Gzzy Talks To Us About His Journey With Dr. Bond Entertainment, And How He Made 'Kana Ndafa' With Soul Jah Love

By Takudzwa Hillary Chiwanza

For those acquainted with local dancehall music, or ZimDancehall, the name Gzzy will not be strange to you. For those who are hearing of the name now, Gzzy was once the resident producer at Bad Company Records, and this is where he made his name churning riddim after riddim, hit after hit. 

Gzzy Dr Bond
Gzzy, resident producer at Dr. Bond Entertainment

But in music circles, things change; and Gzzy is now making timeless magic as a resident producer at Dr. Bond Entertainment. His newfound solace at Dr. Bond Entertainment has further allowed him to grow musically, as seen through hit songs he has made for artists such as Master H and Kapfupi Yut - the latter who are also comfortable under the same stable. It is also right we mention the Dr. Bond Riddim, another timeless riddim from him. 

It has been amazing to see the growth of Gzzy as one of Zimbabwe's finest producers across all genres, something which is manifested by his relentless work ethic. He is committed to giving ghetto yuts the opportunity to be heard. He intimated to us how, as a whole stable, they have managed to record artists under reasonable fees, taking into account the impeccable quality of their sound and the beauty that comes with their studio. Where other renowned studios with good quality are charging as much as $50, they decided to settle for $30 so that their services are not exclusionary. 

This author had the chance to visit Gzzy at Dr. Bond Entertainment studio in Uplands, Waterfalls, where they had a chat with the fine producer about his journey in the music industry, and how he worked with Soul Jah Love on Kana Ndafa

Below are excerpts of the interview [slightly edited for clarity and brevity]. 

ZimSphere: May you tell us about Gzzy; who is Gzzy?

Gzzy: I go by the name Tawanda Garfield Kaseke. I was born on 25 June, 1993. 

ZimSphere: What has been your experience so far working with Dr. Bond Entertainment? 

Gzzy: Our works are moving in a positive direction, when we create something, it is adequately pushed and placed where it is supposed to be. And people are listening. The movement is growing and this shows positive change in the music industry.

ZimSphere: We understand that before you came to Dr. Bond, you were at Bad Company Records. What influenced your decision to leave?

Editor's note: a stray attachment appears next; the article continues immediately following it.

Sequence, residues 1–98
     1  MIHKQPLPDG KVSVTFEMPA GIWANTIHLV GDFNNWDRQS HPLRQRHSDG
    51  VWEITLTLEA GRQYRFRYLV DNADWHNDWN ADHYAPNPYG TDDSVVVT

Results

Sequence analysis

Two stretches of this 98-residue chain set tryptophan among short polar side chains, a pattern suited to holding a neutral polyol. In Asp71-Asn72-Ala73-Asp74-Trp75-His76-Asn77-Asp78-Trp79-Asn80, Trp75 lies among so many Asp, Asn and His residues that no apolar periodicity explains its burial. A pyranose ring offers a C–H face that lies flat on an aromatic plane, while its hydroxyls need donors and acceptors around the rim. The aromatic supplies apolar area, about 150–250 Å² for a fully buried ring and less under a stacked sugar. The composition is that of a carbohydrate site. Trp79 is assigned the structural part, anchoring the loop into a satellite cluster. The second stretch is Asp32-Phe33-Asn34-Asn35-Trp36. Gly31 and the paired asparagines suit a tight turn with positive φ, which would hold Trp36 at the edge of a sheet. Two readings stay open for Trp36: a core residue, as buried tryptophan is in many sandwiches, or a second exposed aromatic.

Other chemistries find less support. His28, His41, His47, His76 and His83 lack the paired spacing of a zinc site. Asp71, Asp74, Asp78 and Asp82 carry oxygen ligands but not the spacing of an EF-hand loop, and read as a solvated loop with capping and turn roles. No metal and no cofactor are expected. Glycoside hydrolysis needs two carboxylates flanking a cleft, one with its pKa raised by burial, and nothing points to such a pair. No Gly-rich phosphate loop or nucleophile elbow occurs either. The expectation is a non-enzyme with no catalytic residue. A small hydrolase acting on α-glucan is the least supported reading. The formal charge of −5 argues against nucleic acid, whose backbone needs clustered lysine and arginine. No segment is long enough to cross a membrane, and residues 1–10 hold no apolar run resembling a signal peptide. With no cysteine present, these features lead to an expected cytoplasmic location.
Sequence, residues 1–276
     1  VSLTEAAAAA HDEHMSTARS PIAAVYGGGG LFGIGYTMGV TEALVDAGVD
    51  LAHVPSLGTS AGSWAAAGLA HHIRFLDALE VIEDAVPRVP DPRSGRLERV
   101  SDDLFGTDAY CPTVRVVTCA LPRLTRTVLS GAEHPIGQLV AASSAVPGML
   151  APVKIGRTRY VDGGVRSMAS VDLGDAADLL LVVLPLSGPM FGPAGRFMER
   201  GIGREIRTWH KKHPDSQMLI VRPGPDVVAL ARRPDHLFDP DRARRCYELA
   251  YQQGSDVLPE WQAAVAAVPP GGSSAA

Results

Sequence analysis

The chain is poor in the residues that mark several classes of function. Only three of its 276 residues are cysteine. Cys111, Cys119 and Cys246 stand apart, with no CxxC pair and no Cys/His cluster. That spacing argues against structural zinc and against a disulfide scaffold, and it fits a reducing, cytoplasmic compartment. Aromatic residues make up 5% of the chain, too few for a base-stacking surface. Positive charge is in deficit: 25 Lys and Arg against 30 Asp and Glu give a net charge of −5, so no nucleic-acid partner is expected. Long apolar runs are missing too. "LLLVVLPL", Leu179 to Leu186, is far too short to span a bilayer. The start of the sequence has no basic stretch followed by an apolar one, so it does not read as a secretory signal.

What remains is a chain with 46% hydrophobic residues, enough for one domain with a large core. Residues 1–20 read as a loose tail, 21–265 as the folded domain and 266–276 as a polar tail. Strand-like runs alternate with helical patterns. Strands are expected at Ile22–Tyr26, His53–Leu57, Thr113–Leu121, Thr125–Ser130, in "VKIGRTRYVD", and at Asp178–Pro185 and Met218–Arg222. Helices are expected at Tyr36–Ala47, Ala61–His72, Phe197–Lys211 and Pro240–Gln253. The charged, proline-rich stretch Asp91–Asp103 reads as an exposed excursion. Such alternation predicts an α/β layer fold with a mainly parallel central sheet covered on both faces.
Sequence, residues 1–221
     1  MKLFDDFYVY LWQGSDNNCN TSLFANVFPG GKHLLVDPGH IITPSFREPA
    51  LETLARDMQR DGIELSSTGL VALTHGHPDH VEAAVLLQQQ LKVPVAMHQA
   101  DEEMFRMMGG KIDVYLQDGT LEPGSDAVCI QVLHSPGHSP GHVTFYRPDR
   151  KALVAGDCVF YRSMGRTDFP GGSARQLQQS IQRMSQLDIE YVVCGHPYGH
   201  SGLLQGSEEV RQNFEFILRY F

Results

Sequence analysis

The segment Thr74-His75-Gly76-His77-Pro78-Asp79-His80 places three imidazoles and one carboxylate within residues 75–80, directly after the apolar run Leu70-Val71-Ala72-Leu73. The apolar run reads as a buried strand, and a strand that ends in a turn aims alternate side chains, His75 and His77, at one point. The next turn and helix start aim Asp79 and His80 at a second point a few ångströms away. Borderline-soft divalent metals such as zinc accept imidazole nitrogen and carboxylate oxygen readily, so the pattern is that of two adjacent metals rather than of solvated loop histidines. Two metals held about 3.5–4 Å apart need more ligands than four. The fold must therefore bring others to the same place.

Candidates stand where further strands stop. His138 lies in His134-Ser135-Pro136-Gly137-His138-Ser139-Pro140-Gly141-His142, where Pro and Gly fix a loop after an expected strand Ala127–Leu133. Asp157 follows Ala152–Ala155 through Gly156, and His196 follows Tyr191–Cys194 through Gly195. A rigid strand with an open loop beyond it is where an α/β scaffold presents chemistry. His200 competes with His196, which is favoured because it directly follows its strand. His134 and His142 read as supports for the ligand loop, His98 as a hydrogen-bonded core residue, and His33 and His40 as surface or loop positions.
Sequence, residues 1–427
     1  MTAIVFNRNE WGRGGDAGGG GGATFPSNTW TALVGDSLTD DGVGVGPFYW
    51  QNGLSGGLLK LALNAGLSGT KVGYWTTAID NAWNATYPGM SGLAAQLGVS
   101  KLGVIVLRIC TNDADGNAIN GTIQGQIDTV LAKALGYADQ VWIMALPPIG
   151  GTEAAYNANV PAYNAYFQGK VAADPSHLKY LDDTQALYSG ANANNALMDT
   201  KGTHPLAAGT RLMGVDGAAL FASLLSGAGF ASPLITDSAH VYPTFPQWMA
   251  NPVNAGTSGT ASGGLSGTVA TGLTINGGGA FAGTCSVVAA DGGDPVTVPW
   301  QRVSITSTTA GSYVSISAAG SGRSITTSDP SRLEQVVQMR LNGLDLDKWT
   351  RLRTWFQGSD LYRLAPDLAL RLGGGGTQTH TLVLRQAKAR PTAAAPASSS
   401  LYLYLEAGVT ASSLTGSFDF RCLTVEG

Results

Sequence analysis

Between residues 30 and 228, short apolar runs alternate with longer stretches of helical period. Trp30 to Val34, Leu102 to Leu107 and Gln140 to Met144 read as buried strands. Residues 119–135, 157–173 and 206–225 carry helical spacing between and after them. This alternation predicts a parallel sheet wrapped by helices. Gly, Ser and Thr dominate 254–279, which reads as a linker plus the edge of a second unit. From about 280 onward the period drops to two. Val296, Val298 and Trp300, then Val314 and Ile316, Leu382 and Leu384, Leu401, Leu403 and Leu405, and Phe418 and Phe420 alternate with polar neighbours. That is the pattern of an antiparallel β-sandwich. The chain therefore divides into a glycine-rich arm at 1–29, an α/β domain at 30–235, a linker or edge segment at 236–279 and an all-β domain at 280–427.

Gzzy: What made me leave Bad Company was motivated by disagreements that are commonplace in the music industry. My work ethic at Bad Company was excellent and everything moved well but I felt such disagreements compelled me to come to Dr. Bond to create new heights with his movement. 

ZimSphere: You are the hitmaker behind the late Soul Jah Love's Kana Ndafa. May you shed light about the experience of making that song and what the mood was making that song?

Gzzy: Working with Soul Jah Love, I came to realize he was a person who always had many concepts in his mind. He would come and say, "Play me a beat so I can feel what you have." If he was comfortable with a certain beat, he would immediately make a song on that particular beat. 

When he came to make Kana Ndafa, he came in like everyday, but it was night time. And then he asked to listen to the beats I had. I played him the beat [the one he finally used for Kana Ndafa]; already, he had this song fully laid out in his mind. He fit it in on the beat. 

When it came to the lyrics, I only got to know of them when he stepped in the booth. Before that, I did not know he was going to deliver such powerful lyrics. I only got to know of the full lyrics when we were recording the song. 

After he did the song, it hit me that maybe Soul Jah Love is feeling a certain way, as he was already a person who thought deeply about what happened in his life. So I said to myself this is exactly what he want people to feel too. 

He was in a good shape on that day, physically at least. I do not even know what pushed him to make that song. So I recorded the whole thing, mixed and mastered it, then released it. The rest is history. 

ZimSphere: What do you think the new school dancehall artists must do to push their music further? 

Gzzy: If they sing relatable tunes, even if it is dancehall music, then everyone will accept the tunes. The music must be clean, devoid of vulgar lyrics; the lyrics must be heard by everyone from little kids to our mothers. That is where dancehall music must go.

ZimSphere: How many artists are signed to Dr. Bond Entertainment?

Gzzy: So far we have Master H, Kapfupi Yut, and Tasha.

ZimSphere: Given three to five years, where do you think Dr. Bond Entertainment is headed?

Gzzy: The movement will go to very far places, we are moving in the right channels, we are headed in a very positive direction. 

You can find Gzzy's works on the Dr. Bond Entertainment channel via this YouTube link. 

Post a Comment